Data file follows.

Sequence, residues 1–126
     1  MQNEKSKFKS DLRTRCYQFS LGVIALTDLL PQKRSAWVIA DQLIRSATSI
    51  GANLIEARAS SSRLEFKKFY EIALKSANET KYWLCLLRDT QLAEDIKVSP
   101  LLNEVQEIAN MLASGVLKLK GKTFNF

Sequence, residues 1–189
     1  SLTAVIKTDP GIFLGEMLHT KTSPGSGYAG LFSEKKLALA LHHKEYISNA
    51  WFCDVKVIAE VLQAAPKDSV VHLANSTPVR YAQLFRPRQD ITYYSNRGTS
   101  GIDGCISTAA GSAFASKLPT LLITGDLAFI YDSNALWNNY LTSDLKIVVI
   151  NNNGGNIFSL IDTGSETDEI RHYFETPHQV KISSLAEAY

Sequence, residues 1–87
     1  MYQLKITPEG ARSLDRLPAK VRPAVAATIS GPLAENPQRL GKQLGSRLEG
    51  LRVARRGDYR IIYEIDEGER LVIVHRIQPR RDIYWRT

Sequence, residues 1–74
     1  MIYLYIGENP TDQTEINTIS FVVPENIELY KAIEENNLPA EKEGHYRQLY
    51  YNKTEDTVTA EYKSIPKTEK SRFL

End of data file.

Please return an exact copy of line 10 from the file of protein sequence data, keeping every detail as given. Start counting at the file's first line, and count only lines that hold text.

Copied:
Sequence, residues 1–87